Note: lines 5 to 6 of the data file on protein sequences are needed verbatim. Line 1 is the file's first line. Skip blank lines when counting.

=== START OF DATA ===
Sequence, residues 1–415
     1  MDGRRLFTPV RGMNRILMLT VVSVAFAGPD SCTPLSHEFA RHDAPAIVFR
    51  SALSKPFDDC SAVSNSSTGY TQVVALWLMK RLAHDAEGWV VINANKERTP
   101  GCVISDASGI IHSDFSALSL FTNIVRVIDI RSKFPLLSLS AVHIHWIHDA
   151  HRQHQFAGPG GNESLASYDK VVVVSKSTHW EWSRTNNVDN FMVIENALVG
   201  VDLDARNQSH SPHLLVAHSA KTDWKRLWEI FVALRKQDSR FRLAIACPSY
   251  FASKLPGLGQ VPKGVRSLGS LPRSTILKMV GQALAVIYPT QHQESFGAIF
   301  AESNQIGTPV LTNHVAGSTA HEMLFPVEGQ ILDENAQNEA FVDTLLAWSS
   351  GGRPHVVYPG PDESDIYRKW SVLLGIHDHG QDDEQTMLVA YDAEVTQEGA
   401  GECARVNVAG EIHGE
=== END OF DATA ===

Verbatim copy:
   151  HRQHQFAGPG GNESLASYDK VVVVSKSTHW EWSRTNNVDN FMVIENALVG
   201  VDLDARNQSH SPHLLVAHSA KTDWKRLWEI FVALRKQDSR FRLAIACPSY